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Location: UFOUpDatesList.Com > 2002 > Jan > Jan 1

Re: Roswell - Tourist Trap? - Randle

From: Kevin Randle <KRandle993@aol.com>
Date: Mon, 31 Dec 2001 14:33:13 EST
Fwd Date: Tue, 01 Jan 2002 09:43:26 -0500
Subject: Re: Roswell - Tourist Trap? - Randle


 >From: Stan Friedman <fsphys@brunnet.net>
 >To: UFO UpDates - Toronto <ufoupdates@virtuallystrange.net>
 >Subject: Roswell - Tourist Trap? [was: 2002: Year Of The Mothman?]
 >Date: Mon, 31 Dec 2001 08:30:13 -0400


 >>Date: Sun, 30 Dec 2001 14:45:36 -0600
 >>Subject: Re: 2002: Year Of The Mothman?
 >>From: Dennis Stacy <dstacy@texas.net>
 >>To: UFO UpDates - Toronto <ufoupdates@virtuallystrange.net>

 >>>From: Stan Friedman <fsphys@brunnet.net>
 >>>To: UFO UpDates - Toronto <ufoupdates@virtuallystrange.net>
 >>>Subject: Re: 2002: Year Of The Mothman?
 >>>Date: Sat, 29 Dec 2001 20:17:00 -0400

 >><snip>

 >>>I must object to calling Roswell a tourist trap. Prices for
 >>>everything are very reasonable. Entry in to the museum is free.

 >>>Fine steaks at reasonable prices at the Cattle Baron, there is a
 >>>Walmart and lots of friendly people.

 >>There are tourist traps and Tourist Traps. Roswell may not have
 >>the high prices characteristic of a bona fide Tourist Trap, but
 >>it has many of the trappings of a lower case tourist trap,
 >>nonetheless. It's a classic case of a small town with a stagnant
 >>economy taking advantage of its newfound claim to fame. Not that
 >>there's anything wrong with that. If I were on the Roswell
 >>Chamber of Commerce board, I'd probably do the same thing.

 >Dennis, I am pleased that Roswell has been demoted to a tourist
 >trap instead of a Tourist Trap!! Personally I find Houston, Las
 >Vegas and Phoenix to be much more uncomfortable in the summer
 >than Roswell... perhaps because of its altitude.

Stan, Dennis, List, all -

I think here I would have to vote for Las Vegas. It really is no
more uncomfortable in the summer than Roswell, you can get all
sorts of wonderful food for very little money (let's hear it for
50 cent shrimp cocktails) and you can gamble there. Gamble on
the Apache reservation up around Riodoso just isn't the same.

 >Perhaps you didn't notice the letter on the museum wall about
 >the fact that the Corn Ranch land was not accessible by vehicle
 >in 1947 from a member of the McKnight Family who then owned what
 >is now called the Corn Ranch?

Pretty funny, this. An affidavit signed by a man who wasn't
there in 1947 and who never lived there. Signed by a man who
said that he never heard any family stories about these
activities and concluded, therefore, they had never happened.

Pretty funny that an Army that could cross Europe, often without
the benefit of roads, that fought in the jungles of the South
Pacific and took the Philippines back from the Japanese,
couldn't cross a dry arroyo in 1947. I thought those jeeps could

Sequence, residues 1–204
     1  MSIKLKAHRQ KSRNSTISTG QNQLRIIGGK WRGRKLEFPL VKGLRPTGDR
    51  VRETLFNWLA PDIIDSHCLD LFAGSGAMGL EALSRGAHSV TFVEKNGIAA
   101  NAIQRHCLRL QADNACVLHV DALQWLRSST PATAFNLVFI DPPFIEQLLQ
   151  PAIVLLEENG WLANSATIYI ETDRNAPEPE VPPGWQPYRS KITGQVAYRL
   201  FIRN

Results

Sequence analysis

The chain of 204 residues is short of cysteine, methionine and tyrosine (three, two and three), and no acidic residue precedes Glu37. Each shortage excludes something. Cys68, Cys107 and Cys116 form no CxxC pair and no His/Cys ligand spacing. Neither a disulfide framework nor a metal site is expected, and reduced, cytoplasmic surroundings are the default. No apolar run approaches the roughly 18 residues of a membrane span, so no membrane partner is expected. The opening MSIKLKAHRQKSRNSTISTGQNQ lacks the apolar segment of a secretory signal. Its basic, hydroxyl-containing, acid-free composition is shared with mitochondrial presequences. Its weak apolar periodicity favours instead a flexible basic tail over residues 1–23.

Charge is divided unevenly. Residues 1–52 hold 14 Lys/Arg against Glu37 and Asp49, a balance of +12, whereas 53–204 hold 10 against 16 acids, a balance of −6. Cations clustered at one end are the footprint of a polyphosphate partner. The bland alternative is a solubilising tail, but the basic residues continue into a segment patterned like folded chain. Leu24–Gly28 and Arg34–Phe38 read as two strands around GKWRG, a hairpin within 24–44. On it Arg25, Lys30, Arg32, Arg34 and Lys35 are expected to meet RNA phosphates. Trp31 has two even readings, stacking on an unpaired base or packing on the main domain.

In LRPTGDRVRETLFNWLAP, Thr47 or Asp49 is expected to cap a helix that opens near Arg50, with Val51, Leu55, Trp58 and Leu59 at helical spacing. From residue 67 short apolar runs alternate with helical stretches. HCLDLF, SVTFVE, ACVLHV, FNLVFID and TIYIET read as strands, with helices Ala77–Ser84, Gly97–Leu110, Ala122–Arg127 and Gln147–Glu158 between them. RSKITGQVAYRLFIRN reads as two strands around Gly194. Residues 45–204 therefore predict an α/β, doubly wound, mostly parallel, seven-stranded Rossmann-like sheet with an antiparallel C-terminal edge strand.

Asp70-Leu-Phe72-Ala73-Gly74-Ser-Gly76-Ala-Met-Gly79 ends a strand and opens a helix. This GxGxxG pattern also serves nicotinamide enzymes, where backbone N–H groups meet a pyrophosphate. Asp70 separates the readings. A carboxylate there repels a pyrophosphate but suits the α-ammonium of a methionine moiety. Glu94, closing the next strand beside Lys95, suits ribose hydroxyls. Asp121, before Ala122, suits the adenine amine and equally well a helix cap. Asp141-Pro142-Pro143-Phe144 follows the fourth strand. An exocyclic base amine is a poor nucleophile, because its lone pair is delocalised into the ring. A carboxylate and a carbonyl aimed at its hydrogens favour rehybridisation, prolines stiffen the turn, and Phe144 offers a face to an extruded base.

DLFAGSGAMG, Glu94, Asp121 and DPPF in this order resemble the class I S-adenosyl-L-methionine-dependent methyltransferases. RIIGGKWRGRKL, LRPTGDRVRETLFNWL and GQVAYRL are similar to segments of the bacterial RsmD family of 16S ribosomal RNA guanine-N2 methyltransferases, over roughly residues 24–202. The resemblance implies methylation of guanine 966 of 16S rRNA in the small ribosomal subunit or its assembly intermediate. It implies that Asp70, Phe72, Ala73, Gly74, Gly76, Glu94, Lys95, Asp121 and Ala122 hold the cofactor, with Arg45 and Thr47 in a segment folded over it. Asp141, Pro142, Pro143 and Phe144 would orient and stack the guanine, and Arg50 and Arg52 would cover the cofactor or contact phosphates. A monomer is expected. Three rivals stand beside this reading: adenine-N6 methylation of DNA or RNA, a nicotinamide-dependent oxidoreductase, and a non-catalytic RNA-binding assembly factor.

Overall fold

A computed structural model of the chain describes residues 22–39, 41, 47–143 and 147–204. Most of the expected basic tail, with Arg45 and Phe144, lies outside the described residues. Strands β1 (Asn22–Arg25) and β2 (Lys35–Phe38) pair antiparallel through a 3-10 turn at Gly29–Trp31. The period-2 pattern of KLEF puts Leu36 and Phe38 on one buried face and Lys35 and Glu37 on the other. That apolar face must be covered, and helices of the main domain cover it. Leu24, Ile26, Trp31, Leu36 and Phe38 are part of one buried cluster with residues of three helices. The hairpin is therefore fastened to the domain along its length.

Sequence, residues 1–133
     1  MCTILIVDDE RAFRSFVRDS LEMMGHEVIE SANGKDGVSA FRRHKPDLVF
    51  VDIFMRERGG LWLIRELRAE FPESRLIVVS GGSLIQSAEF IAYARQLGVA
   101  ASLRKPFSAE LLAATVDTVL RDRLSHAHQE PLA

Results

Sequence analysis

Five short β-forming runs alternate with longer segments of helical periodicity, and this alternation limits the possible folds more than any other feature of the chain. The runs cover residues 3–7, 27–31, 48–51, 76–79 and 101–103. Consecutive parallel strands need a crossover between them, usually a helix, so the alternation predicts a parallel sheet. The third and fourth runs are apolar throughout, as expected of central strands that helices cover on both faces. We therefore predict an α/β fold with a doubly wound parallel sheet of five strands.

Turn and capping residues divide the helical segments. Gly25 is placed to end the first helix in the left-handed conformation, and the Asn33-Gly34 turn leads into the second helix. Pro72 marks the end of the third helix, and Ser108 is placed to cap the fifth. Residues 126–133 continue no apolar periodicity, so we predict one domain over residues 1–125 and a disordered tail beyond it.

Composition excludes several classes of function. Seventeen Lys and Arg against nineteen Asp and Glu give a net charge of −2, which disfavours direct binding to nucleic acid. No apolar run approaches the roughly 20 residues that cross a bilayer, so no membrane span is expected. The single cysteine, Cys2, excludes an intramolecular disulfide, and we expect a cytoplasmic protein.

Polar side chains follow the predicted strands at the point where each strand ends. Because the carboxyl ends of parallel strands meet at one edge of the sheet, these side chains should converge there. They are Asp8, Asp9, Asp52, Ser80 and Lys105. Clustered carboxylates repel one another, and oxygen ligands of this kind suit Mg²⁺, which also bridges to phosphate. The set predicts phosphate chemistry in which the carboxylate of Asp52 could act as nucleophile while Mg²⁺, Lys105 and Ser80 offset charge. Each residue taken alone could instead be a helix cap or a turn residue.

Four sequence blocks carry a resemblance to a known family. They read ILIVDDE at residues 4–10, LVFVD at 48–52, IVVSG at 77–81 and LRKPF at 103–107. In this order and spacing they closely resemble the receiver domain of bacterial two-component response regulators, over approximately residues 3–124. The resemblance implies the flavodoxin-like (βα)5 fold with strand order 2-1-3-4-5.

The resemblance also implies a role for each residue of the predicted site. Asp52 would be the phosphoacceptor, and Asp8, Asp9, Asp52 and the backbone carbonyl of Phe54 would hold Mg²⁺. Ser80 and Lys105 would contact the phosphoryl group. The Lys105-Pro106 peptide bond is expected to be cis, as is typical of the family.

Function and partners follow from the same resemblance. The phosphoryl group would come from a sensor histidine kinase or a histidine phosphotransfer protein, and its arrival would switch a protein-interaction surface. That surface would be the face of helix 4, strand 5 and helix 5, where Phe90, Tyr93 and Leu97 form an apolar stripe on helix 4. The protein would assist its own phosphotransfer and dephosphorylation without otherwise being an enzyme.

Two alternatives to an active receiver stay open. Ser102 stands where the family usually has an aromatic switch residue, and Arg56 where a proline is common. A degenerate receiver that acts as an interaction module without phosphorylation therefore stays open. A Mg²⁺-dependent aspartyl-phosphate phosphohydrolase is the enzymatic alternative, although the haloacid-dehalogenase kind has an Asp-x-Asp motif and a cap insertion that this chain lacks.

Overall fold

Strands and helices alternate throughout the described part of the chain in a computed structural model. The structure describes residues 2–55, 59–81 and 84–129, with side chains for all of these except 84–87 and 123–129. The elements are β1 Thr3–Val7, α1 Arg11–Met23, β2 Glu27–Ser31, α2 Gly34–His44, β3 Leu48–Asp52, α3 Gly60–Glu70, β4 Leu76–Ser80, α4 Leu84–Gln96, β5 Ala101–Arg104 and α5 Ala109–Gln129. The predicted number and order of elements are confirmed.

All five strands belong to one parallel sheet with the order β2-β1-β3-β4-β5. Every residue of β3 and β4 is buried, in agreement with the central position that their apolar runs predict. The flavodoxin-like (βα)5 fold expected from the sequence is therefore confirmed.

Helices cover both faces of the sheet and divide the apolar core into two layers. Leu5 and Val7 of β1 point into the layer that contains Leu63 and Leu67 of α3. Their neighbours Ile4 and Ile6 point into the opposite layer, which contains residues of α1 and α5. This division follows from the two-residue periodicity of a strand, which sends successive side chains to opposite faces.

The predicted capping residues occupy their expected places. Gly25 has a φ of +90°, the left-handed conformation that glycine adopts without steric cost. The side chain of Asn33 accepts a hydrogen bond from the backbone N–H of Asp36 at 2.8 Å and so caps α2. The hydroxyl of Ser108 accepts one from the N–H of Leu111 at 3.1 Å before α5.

navigate just about everything. I thought the six by six trucks
that had drive to all axles could navigate just about
everything. While it might be true that the ford we all used in
the 1990s wasn't there in 1947, there are areas of the arroyo
that could be defeated by four and six-wheel drive vehicles.

Also pretty funny that the museum, which tried to get Corn to
participate in some kind of exploitation of the site... Corn
gets to pay for the improvements, pay for the insurance, is
responsible for all the financial arrangements and then can give
half or three-quarters of the money to the museum... suddenly is
no longer interested in the Corn site. When he refused, they
found a new site, based on what Jim Ragsdale told Max Littell.

Not to mention the Ragsdale story that originally took place on
the Corn ranch, as defined by both maps and photographs, was
suddenly out west of Roswell near Boy Scout Mountain. Pretty
funny that those who were actually in that area in 1947 said
that nothing crashed near them, but the museum went right along
selling the Ragsdale tale.

Pretty funny that Ragsdale tells of a jewel encrusted throne
inside the saucer that he originally said he never approached.
He claimed that he pulled the gold helmets from the bodies of
the crew and then buried those helmets out there. I can think of
few metals that would be as useless as gold as a helmet. The
last thing you'd want are helmets made of a soft metal that was
very heavy.

The point here, however, is that a letter signed by a man who
didn't live on the ranch in 1947, hanging in a museum that had
tried to gain a financial benefit to a ranch it didn't own,
isn't worth much in the final analysis. Especially when it is
remembered that the same museum is promoting a story, as told by
Ragsdale, that is contradicted by his earlier statements, has
virtually no corroborative evidence, and fits none of the few
facts that anyone has been able to establish.


KRandle





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